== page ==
Like electronic circuits, understanding neural circuitry requires manipulating particular circuit elements while recording from others.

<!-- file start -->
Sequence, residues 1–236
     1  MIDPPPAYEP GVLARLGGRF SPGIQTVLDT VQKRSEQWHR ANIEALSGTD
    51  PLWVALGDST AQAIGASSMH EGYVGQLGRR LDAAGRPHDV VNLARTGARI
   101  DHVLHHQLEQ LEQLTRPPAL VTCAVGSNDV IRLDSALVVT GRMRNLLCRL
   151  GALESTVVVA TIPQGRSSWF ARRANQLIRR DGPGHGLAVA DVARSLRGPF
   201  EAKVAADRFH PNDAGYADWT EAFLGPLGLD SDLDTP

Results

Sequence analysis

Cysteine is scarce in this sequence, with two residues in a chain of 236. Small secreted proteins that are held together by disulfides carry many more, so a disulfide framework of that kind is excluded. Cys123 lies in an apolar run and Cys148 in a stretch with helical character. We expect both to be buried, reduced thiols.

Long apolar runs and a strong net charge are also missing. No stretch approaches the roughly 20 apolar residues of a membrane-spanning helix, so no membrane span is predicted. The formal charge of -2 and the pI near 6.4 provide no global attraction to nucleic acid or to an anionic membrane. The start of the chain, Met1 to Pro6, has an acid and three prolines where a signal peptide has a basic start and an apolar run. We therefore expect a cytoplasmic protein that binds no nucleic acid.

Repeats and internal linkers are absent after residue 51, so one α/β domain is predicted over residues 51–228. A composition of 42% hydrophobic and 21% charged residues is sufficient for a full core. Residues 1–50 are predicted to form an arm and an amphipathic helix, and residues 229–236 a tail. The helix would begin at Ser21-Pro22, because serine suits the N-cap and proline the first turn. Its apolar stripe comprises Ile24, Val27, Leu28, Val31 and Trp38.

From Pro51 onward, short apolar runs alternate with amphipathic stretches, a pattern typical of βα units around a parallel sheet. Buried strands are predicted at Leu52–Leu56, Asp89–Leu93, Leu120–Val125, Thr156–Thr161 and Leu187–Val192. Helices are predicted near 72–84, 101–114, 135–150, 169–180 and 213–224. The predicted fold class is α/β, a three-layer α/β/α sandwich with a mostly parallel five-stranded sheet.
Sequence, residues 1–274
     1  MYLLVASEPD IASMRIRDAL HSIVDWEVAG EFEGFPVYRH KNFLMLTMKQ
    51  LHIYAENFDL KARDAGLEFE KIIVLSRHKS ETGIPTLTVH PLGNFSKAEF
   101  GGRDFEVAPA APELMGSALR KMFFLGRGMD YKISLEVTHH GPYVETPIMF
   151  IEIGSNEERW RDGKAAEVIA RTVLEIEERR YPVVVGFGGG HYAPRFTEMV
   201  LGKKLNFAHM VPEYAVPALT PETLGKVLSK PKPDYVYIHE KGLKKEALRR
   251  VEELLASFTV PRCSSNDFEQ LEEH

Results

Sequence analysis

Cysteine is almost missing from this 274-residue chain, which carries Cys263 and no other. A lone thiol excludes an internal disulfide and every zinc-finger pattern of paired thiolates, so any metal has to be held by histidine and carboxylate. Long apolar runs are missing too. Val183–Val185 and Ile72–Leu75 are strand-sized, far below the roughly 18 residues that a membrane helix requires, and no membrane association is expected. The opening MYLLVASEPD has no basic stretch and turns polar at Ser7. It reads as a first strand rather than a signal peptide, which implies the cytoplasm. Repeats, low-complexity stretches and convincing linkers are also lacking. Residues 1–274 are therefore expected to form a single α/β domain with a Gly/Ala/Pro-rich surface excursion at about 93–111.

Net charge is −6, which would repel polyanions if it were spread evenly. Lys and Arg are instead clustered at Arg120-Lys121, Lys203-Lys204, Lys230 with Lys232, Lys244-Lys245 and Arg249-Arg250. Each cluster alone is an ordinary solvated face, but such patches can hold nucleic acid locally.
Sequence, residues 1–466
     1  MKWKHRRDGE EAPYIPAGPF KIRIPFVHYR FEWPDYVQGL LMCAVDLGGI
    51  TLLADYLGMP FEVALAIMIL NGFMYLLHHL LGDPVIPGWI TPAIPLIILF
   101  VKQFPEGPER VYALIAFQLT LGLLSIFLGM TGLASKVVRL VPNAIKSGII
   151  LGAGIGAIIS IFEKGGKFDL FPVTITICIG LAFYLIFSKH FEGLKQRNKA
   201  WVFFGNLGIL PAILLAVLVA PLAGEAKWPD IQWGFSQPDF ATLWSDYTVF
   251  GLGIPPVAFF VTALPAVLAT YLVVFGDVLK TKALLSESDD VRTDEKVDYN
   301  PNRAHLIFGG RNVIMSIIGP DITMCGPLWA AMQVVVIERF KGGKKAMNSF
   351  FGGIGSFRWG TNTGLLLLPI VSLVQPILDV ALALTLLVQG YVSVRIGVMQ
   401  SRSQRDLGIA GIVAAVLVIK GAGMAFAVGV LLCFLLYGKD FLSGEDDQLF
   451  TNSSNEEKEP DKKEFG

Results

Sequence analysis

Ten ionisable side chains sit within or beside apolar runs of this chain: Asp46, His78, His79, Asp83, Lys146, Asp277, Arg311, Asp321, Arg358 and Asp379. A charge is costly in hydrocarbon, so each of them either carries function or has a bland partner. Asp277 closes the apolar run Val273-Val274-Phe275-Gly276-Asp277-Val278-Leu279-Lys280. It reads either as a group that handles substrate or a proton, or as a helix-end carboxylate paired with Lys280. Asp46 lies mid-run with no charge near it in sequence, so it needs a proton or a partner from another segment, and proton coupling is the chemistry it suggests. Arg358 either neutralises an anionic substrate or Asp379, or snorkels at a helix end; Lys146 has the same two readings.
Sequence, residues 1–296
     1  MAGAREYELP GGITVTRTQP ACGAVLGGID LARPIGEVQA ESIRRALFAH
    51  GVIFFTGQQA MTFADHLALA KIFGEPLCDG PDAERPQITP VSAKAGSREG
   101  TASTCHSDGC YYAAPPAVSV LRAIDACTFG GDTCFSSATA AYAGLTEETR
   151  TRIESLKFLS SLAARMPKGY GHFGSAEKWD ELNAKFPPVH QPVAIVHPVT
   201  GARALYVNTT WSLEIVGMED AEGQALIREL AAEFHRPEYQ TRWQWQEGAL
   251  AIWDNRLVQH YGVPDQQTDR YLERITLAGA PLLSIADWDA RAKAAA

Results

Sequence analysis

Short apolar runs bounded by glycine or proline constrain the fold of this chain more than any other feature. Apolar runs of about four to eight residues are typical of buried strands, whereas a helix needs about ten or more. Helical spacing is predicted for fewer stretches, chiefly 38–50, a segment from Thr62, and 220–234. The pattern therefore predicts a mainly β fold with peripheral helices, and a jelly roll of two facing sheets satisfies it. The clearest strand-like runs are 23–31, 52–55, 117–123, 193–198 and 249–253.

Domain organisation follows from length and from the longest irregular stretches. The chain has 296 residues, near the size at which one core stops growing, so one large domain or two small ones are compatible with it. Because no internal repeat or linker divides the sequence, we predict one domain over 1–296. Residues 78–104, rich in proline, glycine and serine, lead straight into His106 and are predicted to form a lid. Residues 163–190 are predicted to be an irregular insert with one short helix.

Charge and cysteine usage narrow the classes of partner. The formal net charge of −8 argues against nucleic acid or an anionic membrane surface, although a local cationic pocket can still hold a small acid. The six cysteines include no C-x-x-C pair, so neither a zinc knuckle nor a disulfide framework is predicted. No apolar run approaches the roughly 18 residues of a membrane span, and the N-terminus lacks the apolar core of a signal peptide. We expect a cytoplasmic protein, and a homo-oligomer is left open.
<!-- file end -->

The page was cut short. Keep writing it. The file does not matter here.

While recent years have seen the development of molecular tools capable of recording and manipulating neural activity both acutely and in the steady state, targeting such tools to single circuit elements (i.e. single neuronal cell types) remains an unsolved problem. The only means to do so is by co-opting the genetic elements that specify diverse neural cell types, but while most genes express in the brain, they tend to express in many different cell types, so native promoters are not specific enough. We have used an approach called Enhancer-Driven Gene Expression (EDGE) based on identifying individual distal sequence elements which tell the promoter where and to express (enhancers) that are uniquely active in a target sample and using them to make synthetic promoters specific to the target. We present the results of applying EDGE to the entorhinal cortex, showcasing the kinds of “circuit-breaking” experiments these tools make possible.